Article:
(Reference: "Water: The Beverage for Life")
I am lactose intolerant and am very concerned that I may not be getting enough calcium in my diet. What foods should I eat to help meet my calcium needs?
Since your body has a difficult time digesting the lactose in milk products, you may need to make a few changes in your diet. For most individuals, being diagnosed with lactose intolerance does not mean you have to cut out all dairy products from your diet. Try these tips to increase your calcium intake:
- Try eating small amounts of dairy foods throughout the day instead of a large portion all at once.
- Have dairy foods with meals instead of between meals.
- Try cultured dairy products with live and active bacteria, such as yogurt.
- Try lactose-free or lactose-reduced milk, cheese and ice cream.
- Use lactase tablets or drops when you eat a high-lactose meal.
- If you still have a hard time tolerating dairy products, make sure to eat plenty of calcium-fortified foods like breakfast cereals, bread, tofu and fruit juices. Other sources of calcium include dark-green leafy vegetables, dry or baked beans, almonds, and canned fish with bones. (Reference: "Boning Up on Calcium")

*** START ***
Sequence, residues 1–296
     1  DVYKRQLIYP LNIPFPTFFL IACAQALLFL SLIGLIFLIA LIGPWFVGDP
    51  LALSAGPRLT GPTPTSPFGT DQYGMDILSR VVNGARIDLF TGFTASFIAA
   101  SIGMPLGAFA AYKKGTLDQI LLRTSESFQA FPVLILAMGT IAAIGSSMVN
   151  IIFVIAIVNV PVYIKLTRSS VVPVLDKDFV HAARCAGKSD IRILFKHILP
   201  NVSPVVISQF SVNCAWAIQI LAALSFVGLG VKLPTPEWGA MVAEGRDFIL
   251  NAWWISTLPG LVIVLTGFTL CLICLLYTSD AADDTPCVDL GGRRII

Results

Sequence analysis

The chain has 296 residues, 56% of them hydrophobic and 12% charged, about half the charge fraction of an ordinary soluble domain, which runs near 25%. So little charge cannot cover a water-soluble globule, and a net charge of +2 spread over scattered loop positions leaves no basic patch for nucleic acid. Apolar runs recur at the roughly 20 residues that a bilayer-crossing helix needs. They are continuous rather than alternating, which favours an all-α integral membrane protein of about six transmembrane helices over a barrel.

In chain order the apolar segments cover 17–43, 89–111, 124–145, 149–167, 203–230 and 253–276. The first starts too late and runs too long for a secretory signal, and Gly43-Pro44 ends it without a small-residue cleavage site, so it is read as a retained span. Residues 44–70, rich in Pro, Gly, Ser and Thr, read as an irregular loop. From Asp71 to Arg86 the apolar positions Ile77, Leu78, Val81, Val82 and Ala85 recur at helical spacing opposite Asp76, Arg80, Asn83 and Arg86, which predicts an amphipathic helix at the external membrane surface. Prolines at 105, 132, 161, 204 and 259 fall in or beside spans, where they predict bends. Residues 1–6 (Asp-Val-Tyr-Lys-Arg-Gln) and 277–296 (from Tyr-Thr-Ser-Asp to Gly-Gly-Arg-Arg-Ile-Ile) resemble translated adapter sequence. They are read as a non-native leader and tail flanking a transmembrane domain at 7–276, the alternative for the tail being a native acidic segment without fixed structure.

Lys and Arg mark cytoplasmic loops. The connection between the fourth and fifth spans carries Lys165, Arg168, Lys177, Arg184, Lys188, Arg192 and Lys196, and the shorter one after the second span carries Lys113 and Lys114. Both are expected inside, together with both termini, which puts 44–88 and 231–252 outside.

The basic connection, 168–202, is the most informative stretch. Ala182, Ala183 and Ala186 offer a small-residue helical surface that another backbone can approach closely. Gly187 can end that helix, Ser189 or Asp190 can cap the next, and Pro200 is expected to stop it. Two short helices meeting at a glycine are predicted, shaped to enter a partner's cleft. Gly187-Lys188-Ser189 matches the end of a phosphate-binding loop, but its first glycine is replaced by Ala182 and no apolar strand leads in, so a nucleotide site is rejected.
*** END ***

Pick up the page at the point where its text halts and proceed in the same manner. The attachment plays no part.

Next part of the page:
I want to include flax seed in my diet so I can get Omega–3 essential fatty acids. Do you have any tips?
- If you purchase whole seeds, grind the flax seed in a blender or coffee bean grinder before using. Whole flax seed will pass through your body undigested.
- Whole flax seed that is clean and dry can be stored at room temperature for up to a year. However, flax seed stored in the refrigerator will stay fresh longer.
To keep flax seed fresh, grind it as you need it. If the flax develops an odor discard it.
- Add a teaspoon of ground flax seed to your cereal, yogurt, smoothies or low fat muffins at breakfast. Flax can also be mixed into meatloaf, hamburgers, chilies, stews or meatballs and added to salads or cottage cheese.
My family eats out frequently, especially on the weekend when my children have sports activities. How can we make healthy choices from the restaurant menu?
There are some “key” words to look for on the menu.
- To find foods lower in fat look for “baked, broiled, grilled, poached, stir-fried, steamed and roasted”.
- Foods that are higher in fat may include the words “fried, prime, with gravy, creamed, battered, breaded, crispy, Alfredo or au gratin”.
- When eating hamburgers, beware of extra fat from cheese, bacon and mayonnaise toppings. Instead, add lettuce, tomato, onion, pickle, mustard and ketchup.
- Grilled chicken sandwiches are another healthier alternative. Avoid fried fish or breaded chicken sandwiches. Try to substitute baked potatoes for French fries when available.
Fortunately, the FDA has strict guidelines on how food labels can be used. Here are a few examples:
- “Reduced sodium” means there is 25 percent less sodium than the usual product.
- “Low sodium” means there is less than 140mg of sodium per serving.
- “Light” means it has 1/3 fewer calories or ½ the fat of the usual food.
- “High fiber” means there are five or more grams of fiber per serving.
For more food label information go to: www.cfsan.fda.gov/label.html